UNIDENTIFIED MALE: West -- people on Houston. I count three bicyclists. Some sort of terrorist attack. I'm not sure what it is. (UNINTELLIGIBLE)


UNIDENTIFIED MALE: I think there's a response.


CUOMO: Imagine living that scene, New York City. You know, this is where 9/11 hit that kind of opened all of our eyes to the reality of terror in the modern age.

And yet, life went on. People survived. Not everybody, but people survived. You had your Halloween parade last night. And this morning the city is bustling once again, although everybody has this heavy in their head and on their heart.

So we have two eyewitnesses with us, with us this morning. We've got Elizabeth Chernobelsky -- I get it right?


CUOMO: Good. And Ruben Jacob Cabrera. Good to have you both. Thank you for being with us this morning. How are you doing?


CUOMO: Did you get some sleep last night?

Barely, but, you know.

CUOMO: Did you get some sleep?

RUBEN JACOB CABRERA, WITNESS: Some hours, not much.

CUOMO: You know, you guys are young. And yet, this has been the world that you've grown up in. Right? I mean, 9/11 is in your lifetime. That's the reality of this. But no one ever expects it to hit home like this again. Where were you yesterday? What did you see?

CHERNOBELSKY: So I was at my school. And a boy ran in, announced he heard gunshots, and we were in a lockdown for about three hours right here. And I ended up on a pool deck watching out of a window with a few of two body bags and several destroyed bicycles. And I saw all of the police arriving at the scene with FBI, SWAT team, bomb squad, firefighters and other personnel.

CUOMO: Ruben, what did you see? Where were you?

CABRERA: I was sitting in front of BMCC by the basketball court. I was -- I just thought it was a normal day sitting out there for a few minutes. I hear some gunshots go off, and then I see kids running away from it laughing so I thought maybe it was some type of Halloween joke or prank.

Give it two or three minutes, I start walking in that direction to see what's going on, and I just see all types of police, firefighters, EMS rushing to that area.

So I walk over, and the first thing I see is one man laying down on the floor with EMS trying to assist him. So I walk up to the overpass where I can see an overview of everything, and I see a pickup truck from Home Depot that looked like it was smashed into a light pole. And then I look over to my right, and I see two bodies covered with white sheets and two bicycles next to them. And I was looking at the bicycles, and they looked like they had been run over and hit or something.

CUOMO: Now you know what happened.


CUOMO: And we were saying this morning, you know, life changes so fast in these situations. When you go on Google Maps now, that whole route that this madman took is now identified as New York City attack route.

What does it mean that this happened here and now? CHERNOBELSKY: Well, my parents remember 9/11. I was really young.

But it still impacts them. And they remember it and they tell the story. And it's really surprising and scary that this happened again, you know, 15 years later in the same area next to my school with all of these young children around.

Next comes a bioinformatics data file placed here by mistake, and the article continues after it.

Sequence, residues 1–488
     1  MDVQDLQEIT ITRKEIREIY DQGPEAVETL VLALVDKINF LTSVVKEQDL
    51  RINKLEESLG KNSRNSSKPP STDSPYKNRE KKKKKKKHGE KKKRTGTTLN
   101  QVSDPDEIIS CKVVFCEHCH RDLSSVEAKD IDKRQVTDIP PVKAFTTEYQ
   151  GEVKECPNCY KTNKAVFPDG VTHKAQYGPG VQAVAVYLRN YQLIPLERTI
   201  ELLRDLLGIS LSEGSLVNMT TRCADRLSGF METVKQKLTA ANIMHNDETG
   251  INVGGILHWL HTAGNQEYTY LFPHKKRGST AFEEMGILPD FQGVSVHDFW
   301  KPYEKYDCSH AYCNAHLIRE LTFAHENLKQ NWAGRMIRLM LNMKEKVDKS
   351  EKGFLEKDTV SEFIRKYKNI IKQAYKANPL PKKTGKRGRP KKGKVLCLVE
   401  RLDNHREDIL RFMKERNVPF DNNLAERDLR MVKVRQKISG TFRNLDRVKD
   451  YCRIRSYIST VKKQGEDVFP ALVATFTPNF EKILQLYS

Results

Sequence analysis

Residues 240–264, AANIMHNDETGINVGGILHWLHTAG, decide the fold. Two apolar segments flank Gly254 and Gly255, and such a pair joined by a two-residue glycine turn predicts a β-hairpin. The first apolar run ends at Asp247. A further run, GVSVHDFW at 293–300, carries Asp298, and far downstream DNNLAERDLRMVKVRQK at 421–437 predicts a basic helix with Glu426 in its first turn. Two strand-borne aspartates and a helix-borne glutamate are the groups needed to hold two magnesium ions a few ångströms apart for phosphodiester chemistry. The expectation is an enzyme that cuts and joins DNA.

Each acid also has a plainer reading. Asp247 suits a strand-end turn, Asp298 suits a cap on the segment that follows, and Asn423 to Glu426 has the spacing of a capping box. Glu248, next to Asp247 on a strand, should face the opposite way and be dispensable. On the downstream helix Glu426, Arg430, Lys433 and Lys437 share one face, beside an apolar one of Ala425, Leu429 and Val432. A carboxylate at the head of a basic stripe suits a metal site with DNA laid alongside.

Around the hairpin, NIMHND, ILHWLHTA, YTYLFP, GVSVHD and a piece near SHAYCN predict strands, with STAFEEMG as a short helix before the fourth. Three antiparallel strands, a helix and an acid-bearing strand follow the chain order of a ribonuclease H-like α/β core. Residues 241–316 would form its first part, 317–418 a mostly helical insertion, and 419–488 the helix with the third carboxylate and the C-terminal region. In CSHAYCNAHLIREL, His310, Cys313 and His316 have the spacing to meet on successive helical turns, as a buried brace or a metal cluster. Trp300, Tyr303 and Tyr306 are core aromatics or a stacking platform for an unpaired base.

[07:20:03] CUOMO: What do do you with this once you realize what it was? How does it impact you?

CABRERA: You just can't believe something like that would happen as part of Manhattan downtown. But then, again, we live in New York City where anything can happen. And all over the world crazy things are happening to all different kind of people. So I guess it's not too farfetched to think why would we be, like, special.

CUOMO: Do you think it's more surprising that this happened or that it hasn't happened sooner?

CABRERA: I -- I think it's more surprising that it hasn't happened sooner, to be honest.

CUOMO: Let me ask you something. People your age -- how old are you?



CUOMO: When they hear about that this, and they hear what the guy said when he jumped out of the truck, that he has the note, what is the reaction among people your age in terms of how to view Muslims as a result of this, how to view people who say that they're ISIS- inspired? Your generation, what do they say?

CHERNOBELSKY: Well, once it is identified as an ISIS attack people still don't try to put the blame on the entire Muslim race. You try to separate radical Islam from other Muslim people. So -- but overall, they know that the people that did the attack did have certain motives and, you know, they try to work with the information that they have.

CUOMO: Now, look, I'm asking because, one, you guys are part of a very rare group. All right? You're part of a generation that was raised with a heavy emphasis on multi-culturalism. And you're New Yorkers. You know, this place is -- you can't be here if you're not going embrace diversity.

And yet, you know, you're in your 20s, you're in your teens. We're struggling with what to make of the threat. And when people find out that this guy was a Muslim or, in his case, Central Asian, you know, and a member of the Islamic faith, they say, "There it is. That's them coming after us again." People your age, do you hear people having that same struggle, or is it different?

CABRERA: It's kind of different. Because from what I talk to, with people my age, it's more as if one bad apple doesn't ruin the tree. So one person from one race doesn't define a whole race. CUOMO: Why doesn't everybody think that? Because they'll say, no,

no, this isn't a religion of peace. This is what happens. Every time you hear "Allah Akbar," it's bad for you, my friend.

CABRERA: Well, I guess it comes down to a generation thing. We were raised on a multicultural generation to accept all different races.